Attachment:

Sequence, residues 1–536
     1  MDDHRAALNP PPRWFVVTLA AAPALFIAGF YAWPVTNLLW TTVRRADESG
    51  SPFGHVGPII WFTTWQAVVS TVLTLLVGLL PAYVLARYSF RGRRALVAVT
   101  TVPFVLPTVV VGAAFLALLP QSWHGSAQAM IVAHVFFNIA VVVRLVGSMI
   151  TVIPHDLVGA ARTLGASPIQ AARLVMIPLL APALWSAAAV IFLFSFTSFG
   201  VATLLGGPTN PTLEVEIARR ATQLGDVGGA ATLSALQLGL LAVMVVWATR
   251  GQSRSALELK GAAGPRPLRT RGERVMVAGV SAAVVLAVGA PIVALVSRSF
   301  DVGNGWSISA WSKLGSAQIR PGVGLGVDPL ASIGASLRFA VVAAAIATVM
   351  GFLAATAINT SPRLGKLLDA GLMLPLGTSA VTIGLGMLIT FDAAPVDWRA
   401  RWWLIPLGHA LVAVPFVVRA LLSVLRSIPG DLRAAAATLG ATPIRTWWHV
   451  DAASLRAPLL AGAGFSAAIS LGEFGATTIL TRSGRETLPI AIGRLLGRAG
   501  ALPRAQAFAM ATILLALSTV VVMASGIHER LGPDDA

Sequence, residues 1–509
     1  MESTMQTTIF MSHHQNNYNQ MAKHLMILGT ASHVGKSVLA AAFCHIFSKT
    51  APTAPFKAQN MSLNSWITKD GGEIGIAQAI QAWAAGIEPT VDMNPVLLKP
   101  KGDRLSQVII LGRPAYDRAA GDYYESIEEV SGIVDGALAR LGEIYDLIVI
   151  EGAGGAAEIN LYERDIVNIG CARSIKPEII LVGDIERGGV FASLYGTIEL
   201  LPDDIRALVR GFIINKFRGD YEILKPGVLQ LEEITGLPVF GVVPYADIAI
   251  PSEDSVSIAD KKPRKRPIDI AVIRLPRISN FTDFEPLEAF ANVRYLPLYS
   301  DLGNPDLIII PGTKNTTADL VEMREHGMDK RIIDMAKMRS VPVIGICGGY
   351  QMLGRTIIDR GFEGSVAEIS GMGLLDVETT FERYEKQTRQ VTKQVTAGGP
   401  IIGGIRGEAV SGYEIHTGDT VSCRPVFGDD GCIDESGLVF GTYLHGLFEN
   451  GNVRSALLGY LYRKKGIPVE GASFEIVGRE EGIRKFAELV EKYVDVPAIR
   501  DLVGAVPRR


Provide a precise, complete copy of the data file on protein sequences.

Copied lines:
Sequence, residues 1–536
     1  MDDHRAALNP PPRWFVVTLA AAPALFIAGF YAWPVTNLLW TTVRRADESG
    51  SPFGHVGPII WFTTWQAVVS TVLTLLVGLL PAYVLARYSF RGRRALVAVT
   101  TVPFVLPTVV VGAAFLALLP QSWHGSAQAM IVAHVFFNIA VVVRLVGSMI
   151  TVIPHDLVGA ARTLGASPIQ AARLVMIPLL APALWSAAAV IFLFSFTSFG
   201  VATLLGGPTN PTLEVEIARR ATQLGDVGGA ATLSALQLGL LAVMVVWATR
   251  GQSRSALELK GAAGPRPLRT RGERVMVAGV SAAVVLAVGA PIVALVSRSF
   301  DVGNGWSISA WSKLGSAQIR PGVGLGVDPL ASIGASLRFA VVAAAIATVM
   351  GFLAATAINT SPRLGKLLDA GLMLPLGTSA VTIGLGMLIT FDAAPVDWRA
   401  RWWLIPLGHA LVAVPFVVRA LLSVLRSIPG DLRAAAATLG ATPIRTWWHV
   451  DAASLRAPLL AGAGFSAAIS LGEFGATTIL TRSGRETLPI AIGRLLGRAG
   501  ALPRAQAFAM ATILLALSTV VVMASGIHER LGPDDA

Sequence, residues 1–509
     1  MESTMQTTIF MSHHQNNYNQ MAKHLMILGT ASHVGKSVLA AAFCHIFSKT
    51  APTAPFKAQN MSLNSWITKD GGEIGIAQAI QAWAAGIEPT VDMNPVLLKP
   101  KGDRLSQVII LGRPAYDRAA GDYYESIEEV SGIVDGALAR LGEIYDLIVI
   151  EGAGGAAEIN LYERDIVNIG CARSIKPEII LVGDIERGGV FASLYGTIEL
   201  LPDDIRALVR GFIINKFRGD YEILKPGVLQ LEEITGLPVF GVVPYADIAI
   251  PSEDSVSIAD KKPRKRPIDI AVIRLPRISN FTDFEPLEAF ANVRYLPLYS
   301  DLGNPDLIII PGTKNTTADL VEMREHGMDK RIIDMAKMRS VPVIGICGGY
   351  QMLGRTIIDR GFEGSVAEIS GMGLLDVETT FERYEKQTRQ VTKQVTAGGP
   401  IIGGIRGEAV SGYEIHTGDT VSCRPVFGDD GCIDESGLVF GTYLHGLFEN
   451  GNVRSALLGY LYRKKGIPVE GASFEIVGRE EGIRKFAELV EKYVDVPAIR
   501  DLVGAVPRR